“Terrified” is how Julian Allstrom said he felt before trying to cross the border into the United States from Canada.

The Toronto-area teen is worried about cannabis. With legalization set to take effect in Canada in less than two weeks and prohibition still firmly in place in the United States, he is among the countless Canadian travellers worried about what additional scrutiny he might face from American border guards.

“Even though I have nothing to do with [cannabis] there is still a lot of tough and strong rules, so if I am even just around it or I smell like it, that could get me banned from the states,” Allstrom told BNN Bloomberg outside Toronto’s Pearson International Airport before facing a round of screening by U.S. Customs and Border Protection.

“Guys like me, we are kind of terrified because, even though we have nothing to do with it, we still do not want to cross into the U.S. because they are scaring people and we just want to be their good neighbours,” he explained.

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    In a statement, the U.S. Homeland Security Department, which oversees border protection, told BNN Bloomberg that “working in or facilitating the proliferation of the legal marijuana industry in the U.S. states where it is deemed legal or Canada may affect admissibility to the U.S.”

    While that indicates Allstrom – a non-consumer of cannabis without any ties to the pot sector – was allowed onto his flight, others like Ashley Csanady may not be so lucky. She is planning to get married in Hawaii early next year, but her role at Toronto-based cannabis marketing agency Crowns could complicate those beach wedding plans.

    “Our whole goal is to facilitate the advancement of our clients and their brands in the legal marijuana space, so if [border agents] are using that as the letter of the law that is what we do,” Csanady told BNN Bloomberg in an interview in reference to the Homeland Security statement.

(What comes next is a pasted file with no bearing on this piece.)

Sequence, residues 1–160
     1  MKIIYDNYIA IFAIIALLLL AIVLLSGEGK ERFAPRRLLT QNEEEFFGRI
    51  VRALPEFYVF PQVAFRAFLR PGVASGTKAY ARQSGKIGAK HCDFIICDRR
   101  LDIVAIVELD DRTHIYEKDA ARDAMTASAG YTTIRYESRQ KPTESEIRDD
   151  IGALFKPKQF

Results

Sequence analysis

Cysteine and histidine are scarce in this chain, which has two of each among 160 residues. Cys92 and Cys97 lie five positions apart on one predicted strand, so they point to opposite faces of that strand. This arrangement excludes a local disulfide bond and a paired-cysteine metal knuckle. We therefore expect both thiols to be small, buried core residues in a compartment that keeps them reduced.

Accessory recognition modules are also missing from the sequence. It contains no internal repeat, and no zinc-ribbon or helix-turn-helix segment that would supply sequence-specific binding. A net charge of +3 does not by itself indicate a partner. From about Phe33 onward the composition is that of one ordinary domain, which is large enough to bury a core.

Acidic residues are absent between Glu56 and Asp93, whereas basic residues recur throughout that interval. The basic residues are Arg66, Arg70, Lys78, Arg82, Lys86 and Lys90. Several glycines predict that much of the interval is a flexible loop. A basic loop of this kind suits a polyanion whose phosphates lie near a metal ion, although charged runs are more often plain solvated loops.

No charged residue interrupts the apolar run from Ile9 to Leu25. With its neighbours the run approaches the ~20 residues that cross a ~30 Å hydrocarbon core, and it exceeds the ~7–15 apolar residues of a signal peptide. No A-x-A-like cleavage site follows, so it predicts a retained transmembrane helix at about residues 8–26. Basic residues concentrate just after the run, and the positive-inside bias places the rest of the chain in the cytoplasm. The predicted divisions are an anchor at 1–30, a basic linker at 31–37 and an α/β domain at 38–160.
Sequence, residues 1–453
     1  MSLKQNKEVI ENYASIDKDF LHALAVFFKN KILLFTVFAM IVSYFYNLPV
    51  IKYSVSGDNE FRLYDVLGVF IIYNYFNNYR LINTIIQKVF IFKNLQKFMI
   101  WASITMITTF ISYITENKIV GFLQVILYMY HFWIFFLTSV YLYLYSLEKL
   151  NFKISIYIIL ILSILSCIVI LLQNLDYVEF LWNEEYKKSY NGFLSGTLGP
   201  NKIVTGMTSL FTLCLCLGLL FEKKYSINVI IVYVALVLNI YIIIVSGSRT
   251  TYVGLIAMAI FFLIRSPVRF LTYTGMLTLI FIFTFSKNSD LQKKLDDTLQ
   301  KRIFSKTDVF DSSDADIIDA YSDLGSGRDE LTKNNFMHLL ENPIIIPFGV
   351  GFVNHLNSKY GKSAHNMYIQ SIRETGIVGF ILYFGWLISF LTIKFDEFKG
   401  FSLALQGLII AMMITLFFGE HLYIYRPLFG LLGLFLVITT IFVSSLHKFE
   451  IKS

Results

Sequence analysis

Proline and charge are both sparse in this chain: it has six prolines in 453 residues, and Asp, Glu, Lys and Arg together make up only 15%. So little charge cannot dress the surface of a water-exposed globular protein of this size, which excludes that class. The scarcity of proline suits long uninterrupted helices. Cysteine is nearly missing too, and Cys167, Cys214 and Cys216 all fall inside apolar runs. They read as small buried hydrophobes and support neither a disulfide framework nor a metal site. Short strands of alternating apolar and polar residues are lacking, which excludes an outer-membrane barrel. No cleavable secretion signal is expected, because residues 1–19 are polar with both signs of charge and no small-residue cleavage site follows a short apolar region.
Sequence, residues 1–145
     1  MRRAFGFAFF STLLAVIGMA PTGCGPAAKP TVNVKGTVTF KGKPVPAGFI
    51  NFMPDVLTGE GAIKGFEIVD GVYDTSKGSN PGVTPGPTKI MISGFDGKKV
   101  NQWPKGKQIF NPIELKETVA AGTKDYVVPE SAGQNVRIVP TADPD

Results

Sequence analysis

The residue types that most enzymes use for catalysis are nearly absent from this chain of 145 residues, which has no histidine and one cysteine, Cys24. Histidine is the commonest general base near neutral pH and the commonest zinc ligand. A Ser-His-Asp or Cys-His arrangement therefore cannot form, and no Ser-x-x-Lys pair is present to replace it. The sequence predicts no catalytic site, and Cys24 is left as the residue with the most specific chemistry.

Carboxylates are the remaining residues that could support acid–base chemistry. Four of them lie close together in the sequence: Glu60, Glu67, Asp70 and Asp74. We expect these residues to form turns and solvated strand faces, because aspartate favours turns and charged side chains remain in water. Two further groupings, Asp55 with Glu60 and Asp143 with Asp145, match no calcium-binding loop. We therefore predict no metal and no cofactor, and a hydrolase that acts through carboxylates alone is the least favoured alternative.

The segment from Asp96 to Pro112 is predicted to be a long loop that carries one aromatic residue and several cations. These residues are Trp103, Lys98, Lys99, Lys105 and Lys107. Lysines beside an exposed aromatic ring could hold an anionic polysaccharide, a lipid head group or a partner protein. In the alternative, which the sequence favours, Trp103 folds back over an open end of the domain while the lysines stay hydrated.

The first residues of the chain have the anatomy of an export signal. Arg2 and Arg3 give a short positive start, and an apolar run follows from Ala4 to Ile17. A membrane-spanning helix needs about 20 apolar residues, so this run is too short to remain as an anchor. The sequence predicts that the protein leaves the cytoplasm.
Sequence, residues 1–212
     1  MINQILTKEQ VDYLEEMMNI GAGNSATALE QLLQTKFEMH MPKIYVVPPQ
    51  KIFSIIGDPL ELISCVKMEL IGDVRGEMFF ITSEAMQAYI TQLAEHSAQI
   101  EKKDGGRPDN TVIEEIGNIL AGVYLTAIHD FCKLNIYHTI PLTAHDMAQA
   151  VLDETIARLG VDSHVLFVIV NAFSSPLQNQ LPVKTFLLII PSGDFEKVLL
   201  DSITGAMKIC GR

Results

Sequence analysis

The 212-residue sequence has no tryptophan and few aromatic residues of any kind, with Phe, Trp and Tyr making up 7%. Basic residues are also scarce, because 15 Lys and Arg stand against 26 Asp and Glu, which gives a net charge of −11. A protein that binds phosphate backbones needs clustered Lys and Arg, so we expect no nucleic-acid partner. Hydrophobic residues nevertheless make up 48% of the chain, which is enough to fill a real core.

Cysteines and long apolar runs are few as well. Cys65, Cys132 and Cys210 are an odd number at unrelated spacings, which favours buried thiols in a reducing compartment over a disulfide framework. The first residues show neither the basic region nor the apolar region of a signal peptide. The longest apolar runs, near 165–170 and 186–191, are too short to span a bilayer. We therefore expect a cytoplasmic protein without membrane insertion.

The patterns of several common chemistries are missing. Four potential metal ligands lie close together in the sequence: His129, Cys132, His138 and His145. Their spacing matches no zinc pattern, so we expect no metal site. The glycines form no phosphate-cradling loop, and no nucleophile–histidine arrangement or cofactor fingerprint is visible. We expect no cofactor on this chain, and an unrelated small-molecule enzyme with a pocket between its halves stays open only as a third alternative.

“I work in a legal industry. I do not grow the plant, I do not sell the plant directly. I do provide, hopefully, valuable advice to people who do work in the cannabis industry, but I don’t think that should prevent me from being able to cross the border to our neighbour as a law-abiding citizen.”

    “I guess the worst-case scenario is we don’t end up getting married in Hawaii. I guess I’m rolling the dice a bit,” Csanady said.



    Simply buying shares of publicly-listed cannabis producers could be enough to raise red flags at the border, as one Canadian investor was recently “shocked” to discover. Those turned away can apply for a waiver to try and re-enter, but the process can take up to a year, cost upwards of US$1,000 and would only apply on a temporary basis.

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    Traveller  Julian Allstrom. (BNN Bloomberg)

    Caryma Sa’d, a lawyer focused on cannabis-related issues, warns there is no way for people in positions like Csanady’s to learn in advance how much involvement in cannabis could be seen as too much by U.S. officials.